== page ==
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Homekeeping · Cleaning · The Dos And Don’ts You Need To Know About Cleaning With Vinegar

The Dos And Don’ts You Need To Know About Cleaning With Vinegar

Vinegar is one of my favorite cleaners, but it's important to know what NOT to use it on.

vinegar cleaning

We all want to clean our homes without exposing ourselves and our families to unnecessarily harsh chemicals from cleaning products. Accidentally mixing the wrong ingredients can make cleaning especially dangerous.

For those reasons, I often use clean with vinegar around the house. Not only it is a natural and non-toxic antibacterial cleaner, but it’s cheap too—you can get a gallon at most stores for just a few dollars. Plus, cleaning vinegar is highly versatile and can be used to clean a lot of different surfaces!

But it’s important to know that vinegar is not an all-purpose cleaner, today’s post is all about what you should and should not be cleaning with vinegar. I get a lot of questions from readers asking what they can or can’t use cleaning vinegar on, so hopefully this post will help clarify the issue for everyone!

We’ll start by exploring things you shouldn’t use vinegar to clean and why, along with suggestions of what you could use instead. After that, we’ll go over things you can clean with vinegar (or an abbreviated list, anyway, because an exhaustive list would us take all day!).

By the time you’re finished reading this post, you’ll feel totally confident about using vinegar as a natural cleaner around your house.

cleaning with vinegar

Does Vinegar Disinfect?

Vinegar is a great choice for cleaning or sanitizing surfaces around your home that are soiled with normal levels of dirt and grime.

Vinegar will kill pathogens and certain bacteria, like E. coli, that are commonly found in the home. And using the strongest possible cleaning products can be dangerous, even if you don’t come into direct contact with them. According to the CDC, nearly 50 thousand calls were placed to poison control centers between January and March 2020 from people experiencing difficulty breathing or dizziness related to exposure to cleaning product fumes.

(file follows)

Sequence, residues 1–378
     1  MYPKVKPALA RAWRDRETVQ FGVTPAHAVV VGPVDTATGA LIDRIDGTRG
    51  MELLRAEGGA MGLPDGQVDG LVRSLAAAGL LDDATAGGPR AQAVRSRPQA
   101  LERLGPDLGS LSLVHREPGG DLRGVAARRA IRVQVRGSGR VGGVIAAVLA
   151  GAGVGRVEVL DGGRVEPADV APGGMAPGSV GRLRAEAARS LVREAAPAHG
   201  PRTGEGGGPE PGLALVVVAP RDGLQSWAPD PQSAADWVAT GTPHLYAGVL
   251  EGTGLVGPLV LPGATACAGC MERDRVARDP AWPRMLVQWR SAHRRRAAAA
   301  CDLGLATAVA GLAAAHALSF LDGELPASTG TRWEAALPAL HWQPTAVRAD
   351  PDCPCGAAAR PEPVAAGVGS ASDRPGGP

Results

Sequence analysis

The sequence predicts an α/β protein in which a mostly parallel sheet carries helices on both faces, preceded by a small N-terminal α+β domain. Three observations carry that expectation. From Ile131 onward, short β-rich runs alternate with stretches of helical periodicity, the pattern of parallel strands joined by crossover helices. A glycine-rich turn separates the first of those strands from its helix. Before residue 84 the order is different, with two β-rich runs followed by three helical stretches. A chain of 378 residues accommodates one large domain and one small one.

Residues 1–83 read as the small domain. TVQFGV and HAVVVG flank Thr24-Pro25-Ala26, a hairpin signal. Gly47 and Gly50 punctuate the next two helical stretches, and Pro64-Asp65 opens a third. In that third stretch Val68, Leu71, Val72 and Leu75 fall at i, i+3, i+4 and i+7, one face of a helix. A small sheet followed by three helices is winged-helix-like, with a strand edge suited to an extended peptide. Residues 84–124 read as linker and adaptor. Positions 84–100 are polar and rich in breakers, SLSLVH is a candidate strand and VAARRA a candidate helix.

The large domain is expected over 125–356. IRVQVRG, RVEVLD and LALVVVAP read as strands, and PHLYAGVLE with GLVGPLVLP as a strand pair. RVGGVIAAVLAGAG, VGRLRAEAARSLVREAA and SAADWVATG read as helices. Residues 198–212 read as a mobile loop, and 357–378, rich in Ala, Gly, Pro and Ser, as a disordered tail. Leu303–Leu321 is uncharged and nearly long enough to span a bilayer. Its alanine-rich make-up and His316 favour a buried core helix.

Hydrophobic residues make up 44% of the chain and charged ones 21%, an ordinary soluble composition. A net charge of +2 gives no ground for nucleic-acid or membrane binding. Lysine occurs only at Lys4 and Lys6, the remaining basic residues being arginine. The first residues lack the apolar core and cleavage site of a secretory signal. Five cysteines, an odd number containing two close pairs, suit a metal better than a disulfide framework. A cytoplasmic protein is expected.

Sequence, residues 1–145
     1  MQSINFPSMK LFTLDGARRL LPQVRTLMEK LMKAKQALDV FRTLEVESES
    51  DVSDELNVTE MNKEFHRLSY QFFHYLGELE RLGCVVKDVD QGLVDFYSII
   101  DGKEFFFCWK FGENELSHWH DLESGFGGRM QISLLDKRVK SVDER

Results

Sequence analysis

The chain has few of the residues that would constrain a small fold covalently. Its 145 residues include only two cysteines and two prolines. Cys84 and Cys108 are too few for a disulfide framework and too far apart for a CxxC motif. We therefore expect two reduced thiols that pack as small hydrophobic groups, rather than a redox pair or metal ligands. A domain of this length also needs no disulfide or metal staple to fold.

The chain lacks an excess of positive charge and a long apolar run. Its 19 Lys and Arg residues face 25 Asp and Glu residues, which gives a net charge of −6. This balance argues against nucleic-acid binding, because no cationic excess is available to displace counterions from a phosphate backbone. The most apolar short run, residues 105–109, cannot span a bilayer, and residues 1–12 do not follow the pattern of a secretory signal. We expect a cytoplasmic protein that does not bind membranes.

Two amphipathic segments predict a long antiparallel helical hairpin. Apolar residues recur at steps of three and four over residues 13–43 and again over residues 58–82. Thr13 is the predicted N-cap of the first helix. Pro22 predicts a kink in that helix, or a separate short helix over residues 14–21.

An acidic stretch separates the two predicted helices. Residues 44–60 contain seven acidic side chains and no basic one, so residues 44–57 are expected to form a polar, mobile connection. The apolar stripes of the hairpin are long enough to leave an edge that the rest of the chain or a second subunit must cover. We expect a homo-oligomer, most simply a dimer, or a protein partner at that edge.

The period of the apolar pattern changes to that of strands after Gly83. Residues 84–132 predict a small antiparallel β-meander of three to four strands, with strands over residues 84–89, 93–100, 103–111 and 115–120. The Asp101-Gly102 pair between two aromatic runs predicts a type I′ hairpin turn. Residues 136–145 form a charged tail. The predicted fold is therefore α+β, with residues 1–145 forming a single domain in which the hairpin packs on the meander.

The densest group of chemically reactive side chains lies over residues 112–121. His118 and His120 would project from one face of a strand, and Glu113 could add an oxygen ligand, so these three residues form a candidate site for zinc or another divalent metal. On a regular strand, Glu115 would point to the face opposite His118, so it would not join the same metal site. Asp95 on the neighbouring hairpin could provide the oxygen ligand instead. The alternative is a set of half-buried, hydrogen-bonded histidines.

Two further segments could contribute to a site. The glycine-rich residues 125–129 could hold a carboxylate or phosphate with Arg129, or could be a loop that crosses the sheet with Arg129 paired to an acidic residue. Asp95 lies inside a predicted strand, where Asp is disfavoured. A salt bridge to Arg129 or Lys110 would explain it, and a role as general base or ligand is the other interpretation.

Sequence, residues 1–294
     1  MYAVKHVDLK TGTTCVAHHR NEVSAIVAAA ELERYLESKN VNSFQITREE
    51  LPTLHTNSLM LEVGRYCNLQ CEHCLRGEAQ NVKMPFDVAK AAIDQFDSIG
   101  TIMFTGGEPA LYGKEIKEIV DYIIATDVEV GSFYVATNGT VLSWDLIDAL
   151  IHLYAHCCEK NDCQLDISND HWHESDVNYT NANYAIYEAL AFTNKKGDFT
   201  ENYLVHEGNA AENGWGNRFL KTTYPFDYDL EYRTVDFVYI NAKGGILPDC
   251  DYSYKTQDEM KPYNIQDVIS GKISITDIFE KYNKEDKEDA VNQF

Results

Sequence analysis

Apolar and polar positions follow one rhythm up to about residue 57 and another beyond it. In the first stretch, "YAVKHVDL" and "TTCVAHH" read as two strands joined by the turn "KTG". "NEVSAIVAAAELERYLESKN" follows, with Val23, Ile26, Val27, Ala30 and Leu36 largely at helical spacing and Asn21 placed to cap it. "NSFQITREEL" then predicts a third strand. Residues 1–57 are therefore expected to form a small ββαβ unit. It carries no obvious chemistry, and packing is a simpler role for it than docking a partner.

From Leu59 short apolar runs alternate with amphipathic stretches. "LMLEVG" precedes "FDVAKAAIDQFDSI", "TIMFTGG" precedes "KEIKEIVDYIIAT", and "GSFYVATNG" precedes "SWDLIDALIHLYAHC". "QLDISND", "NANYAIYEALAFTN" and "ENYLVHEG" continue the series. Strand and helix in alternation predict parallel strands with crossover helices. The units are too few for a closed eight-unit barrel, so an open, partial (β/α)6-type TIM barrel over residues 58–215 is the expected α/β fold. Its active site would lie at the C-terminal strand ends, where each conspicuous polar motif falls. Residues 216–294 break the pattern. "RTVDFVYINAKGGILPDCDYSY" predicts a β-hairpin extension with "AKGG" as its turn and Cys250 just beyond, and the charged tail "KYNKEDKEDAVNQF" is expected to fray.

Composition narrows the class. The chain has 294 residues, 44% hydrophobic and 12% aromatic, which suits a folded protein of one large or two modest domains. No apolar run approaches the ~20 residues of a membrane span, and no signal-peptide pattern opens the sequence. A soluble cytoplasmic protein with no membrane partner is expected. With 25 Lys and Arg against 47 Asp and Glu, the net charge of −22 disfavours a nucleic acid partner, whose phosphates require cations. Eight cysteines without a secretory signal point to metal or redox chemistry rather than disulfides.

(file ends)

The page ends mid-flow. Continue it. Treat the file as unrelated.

In most cases, a natural antibacterial cleaner like vinegar is enough to sufficiently clean a surface. When you need a deeper clean (like after someone in the house has been sick), a stronger disinfectant can be helpful. If you aren’t sure when you need to clean, disinfect, or sanitize, you can read my post on the topic here.

vinegar cleaning

Things You SHOULD NOT Clean With Vinegar

The acidic nature of vinegar is great for cutting through tough grease, grime, and mineral deposits. But vinegar’s acidity can also damage certain surfaces, so it’s important to know what those are so you can avoid them.

Here are the items you never want to use vinegar on, as well as safe alternative cleaners you can use instead:

  1. Granite, Marble, Or Soapstone Countertops: Using vinegar on natural stones like granite, marble, and soapstone can cause pitting and make them lose their shine. Try my homemade granite cleaner instead.